So much for going green, I thought.
I’d just parked in front of my house after a long day at the office. The wind had knocked over my neighbor’s recycling bin, strewing pizza boxes and papers across my lawn.
I slammed the car door, marched over to the neighbor’s yard, and grabbed the bin. As I threw the trash back into the container, a gentle command prodded my heart:
Offer it up.
I wondered if my guardian angel had whispered that advice.
“Offer it up?” I silently retorted. “Guardian angel, I’m tired. Couldn’t you just flap your wings and blow away this mess?”
As I snatched a stray candy wrapper from my flower bed, I relented. “Fine,” I muttered. “I offer this up for my neighbor’s son. I know he’s going through a hard time.”
Somehow, the task at hand seemed less annoying. But I wasn’t exactly sure why.
I’d heard the phrase “offer it up” since childhood, and in response, I’d eaten unwanted vegetables, completed algebra assignments and scoured kitchen floors. My tongue was practically scarred from biting back quips when I’d been offended.
Could such mundane gestures have any merit? And if so, how?
“Pick up a pin from a motive of love, and you may thereby convert a soul,” St. Thérèse of Lisieux asserted. “Jesus alone can make our deeds of such worth.”
Known for her “little way” of spirituality, St. Thérèse viewed everyday acts “as a (means) of manifesting her love for God and for others,” writes Father John F. Russell, O.Carm.
St. Thérèse found sacrifice in the simple. “For a long time I had to kneel during meditation near a Sister who could not stop fidgeting,” St. Thérèse recalled in her autobiography, “The Story of a Soul.” “You have no idea how much it annoyed me.”
Rather than “turn around and glare at the culprit,” St. Thérèse chose “to put up with it patiently” and “spent the rest of the time offering it to Jesus.”
St. Paul rejoiced in his many sufferings, which “(completed) what is lacking in Christ’s afflictions for the sake of his body, that is, the Church” (Colossians 1:24).
But if the dying Christ declared “it is finished” (John 19:30), what more could be accomplished by forbearing with fidgeting or cleaning a messy yard?
“No man can add anything” to the salvation that Christ won for us, St. John Paul II affirmed. However, “in the mystery of the Church as his Body, Christ has … opened his own redemptive suffering to all human suffering” (Salvifici Doloris, 24).
So while we can’t increase the value of the redemption, we can share “in Christ’s sufferings — in any part of the world and at any time in history” (Salvifici Doloris, 24). In so doing, we extend the reach of the victory that Christ won for us.
Uniting our pain with Christ’s passion dispels “the sense of the uselessness of suffering,” St. John Paul II observed. “It is suffering, more than anything else, which clears the way for the grace which transforms human souls” (Salvifici Doloris, 27).
When we offer up a burden — from an irritation to an agony — we provide “a special support for the powers of good” (Salvifici Doloris, 27).
Just as we recycle discarded items to make new products, we can give our trials to Christ, who refashions them into his “infinite treasure of the world’s redemption” (Salvifici Doloris, 27).
So much for going green after all.
Gina Christian is a writer in Philadelphia and a member of St. William Parish.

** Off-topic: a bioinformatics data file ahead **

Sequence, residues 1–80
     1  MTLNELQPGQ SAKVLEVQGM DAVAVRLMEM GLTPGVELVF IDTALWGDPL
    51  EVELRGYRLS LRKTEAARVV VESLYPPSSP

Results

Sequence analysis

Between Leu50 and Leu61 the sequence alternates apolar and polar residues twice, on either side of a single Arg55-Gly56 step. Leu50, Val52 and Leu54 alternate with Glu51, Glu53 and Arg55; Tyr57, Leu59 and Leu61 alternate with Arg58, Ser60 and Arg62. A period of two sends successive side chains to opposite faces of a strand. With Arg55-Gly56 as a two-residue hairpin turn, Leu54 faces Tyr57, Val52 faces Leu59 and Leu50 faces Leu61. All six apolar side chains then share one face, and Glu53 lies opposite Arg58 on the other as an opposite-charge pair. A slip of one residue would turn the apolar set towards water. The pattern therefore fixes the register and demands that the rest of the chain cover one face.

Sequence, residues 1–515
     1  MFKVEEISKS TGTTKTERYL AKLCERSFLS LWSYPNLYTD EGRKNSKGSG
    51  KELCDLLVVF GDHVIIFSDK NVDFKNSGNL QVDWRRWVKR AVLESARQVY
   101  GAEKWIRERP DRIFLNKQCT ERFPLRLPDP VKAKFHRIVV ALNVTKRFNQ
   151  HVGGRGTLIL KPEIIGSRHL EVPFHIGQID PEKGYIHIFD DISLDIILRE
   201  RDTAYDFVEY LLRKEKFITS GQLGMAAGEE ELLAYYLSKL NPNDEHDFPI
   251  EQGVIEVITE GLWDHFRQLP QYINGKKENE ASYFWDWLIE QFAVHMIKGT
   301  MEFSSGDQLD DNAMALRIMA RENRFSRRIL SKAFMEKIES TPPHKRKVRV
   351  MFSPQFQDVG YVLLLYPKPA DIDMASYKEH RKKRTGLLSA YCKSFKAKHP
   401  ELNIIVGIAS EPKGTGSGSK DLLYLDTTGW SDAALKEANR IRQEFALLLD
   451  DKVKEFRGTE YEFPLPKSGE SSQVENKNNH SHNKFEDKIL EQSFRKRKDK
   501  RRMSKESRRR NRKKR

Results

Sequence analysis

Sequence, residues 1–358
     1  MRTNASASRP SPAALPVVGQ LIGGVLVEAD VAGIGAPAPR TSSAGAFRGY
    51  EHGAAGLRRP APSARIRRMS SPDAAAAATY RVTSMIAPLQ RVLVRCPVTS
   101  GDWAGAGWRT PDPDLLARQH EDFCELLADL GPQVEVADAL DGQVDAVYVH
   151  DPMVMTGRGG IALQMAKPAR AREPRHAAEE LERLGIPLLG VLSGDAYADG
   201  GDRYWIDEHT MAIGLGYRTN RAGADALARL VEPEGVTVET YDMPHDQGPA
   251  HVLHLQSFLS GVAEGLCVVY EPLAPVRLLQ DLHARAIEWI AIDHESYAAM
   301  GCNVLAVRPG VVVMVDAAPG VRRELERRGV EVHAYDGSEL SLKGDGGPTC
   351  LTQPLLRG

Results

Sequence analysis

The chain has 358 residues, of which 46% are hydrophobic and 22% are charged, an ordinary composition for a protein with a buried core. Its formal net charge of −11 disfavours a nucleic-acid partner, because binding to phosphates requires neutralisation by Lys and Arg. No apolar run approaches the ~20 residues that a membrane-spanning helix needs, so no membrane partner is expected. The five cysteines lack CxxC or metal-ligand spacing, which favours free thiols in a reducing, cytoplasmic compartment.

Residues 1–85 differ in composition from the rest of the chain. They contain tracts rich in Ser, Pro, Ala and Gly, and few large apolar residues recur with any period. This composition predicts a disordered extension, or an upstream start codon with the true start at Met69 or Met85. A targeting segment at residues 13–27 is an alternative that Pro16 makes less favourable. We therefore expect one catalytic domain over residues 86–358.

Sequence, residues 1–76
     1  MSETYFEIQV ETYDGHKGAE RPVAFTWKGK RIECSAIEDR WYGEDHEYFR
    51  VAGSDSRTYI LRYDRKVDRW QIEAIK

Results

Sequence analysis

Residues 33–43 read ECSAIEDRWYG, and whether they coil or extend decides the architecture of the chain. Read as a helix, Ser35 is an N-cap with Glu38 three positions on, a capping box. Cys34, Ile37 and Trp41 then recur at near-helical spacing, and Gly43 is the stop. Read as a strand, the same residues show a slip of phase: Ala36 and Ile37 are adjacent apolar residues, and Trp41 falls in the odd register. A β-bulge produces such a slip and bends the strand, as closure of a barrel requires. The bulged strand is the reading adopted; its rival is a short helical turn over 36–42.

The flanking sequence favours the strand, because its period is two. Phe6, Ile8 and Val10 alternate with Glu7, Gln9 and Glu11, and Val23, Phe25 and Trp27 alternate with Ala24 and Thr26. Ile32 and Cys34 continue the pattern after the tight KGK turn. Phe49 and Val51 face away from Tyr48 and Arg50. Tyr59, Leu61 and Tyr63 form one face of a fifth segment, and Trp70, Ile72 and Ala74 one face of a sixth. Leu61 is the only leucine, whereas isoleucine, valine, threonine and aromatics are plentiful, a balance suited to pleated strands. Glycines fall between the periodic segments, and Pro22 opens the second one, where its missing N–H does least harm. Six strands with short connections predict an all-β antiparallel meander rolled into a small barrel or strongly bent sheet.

Join the CatholicPhilly.com family
CatholicPhilly.com works to strengthen the connections between people, families and communities every day by delivering the news people need to know about the Catholic Church, especially in the Philadelphia region, and the world in which we live.
By your donation in any amount, you and hundreds of other people become part of our mission to inform, form in the Catholic faith and inspire the thousands of readers who visit every month.
Here is how you can help:
- A $100 gift allows us to present award-winning photos of Catholic life in our neighborhoods.
- A $50 gift enables us to cover a news event in a local parish, school or Catholic institution.
- A $20 gift lets us obtain solid faith formation resources that can deepen your spirituality and knowledge of the faith.
- A small, automated monthly donation means you can support us continually and easily.
Won't you consider making a gift today?
Please join in the church's vital mission of communications by offering a gift in whatever amount that you can ― a single gift of $40, $50, $100, or more, or a monthly donation. Your gift will strengthen the fabric of our entire Catholic community and sustain CatholicPhilly.com as your trusted news source. Thank you in advance!
Make your donation by credit card here:
Or make your donation by check:
222 N. 17th Street
Philadelphia, PA 19103
PREVIOUS: The littlest acts of mercy might be the biggest
NEXT: Christ, and a priest, could help a person past purgatory
I think of two people. My Irish Grandmother and Saint Theresa of Avila.
Love and enjoy your Newsletter….
I’ve followed Archbishop Chaput since he was in Colorado, in fact one time I spoke to him over the phone for guidance, he suggested that I get his book, Render Unto Caesar, and I did … the problem has been my son. Came Christmas I gave it to my son as a gift (after I read it, of course) never heard a command from my son and didn’t expect one.
A very dear friend of mine from my parish gave me a soft cover of Render Unto Caesar the other day, I was so happy cause I did really wanted to have one of my own. Today I forwarded ‘Catholic Philly.com’ to my friend and told her about how I followed Archbishop Chaput for years then suggested to her to subscribe to ‘Catholic Philly.com’
God Bless Archbishop Chaput and our Blessed Mother be always at his side to guide him.
Witty as always. Your writing always makes me chuckle. I needed that after a day of trash strewn all over my life.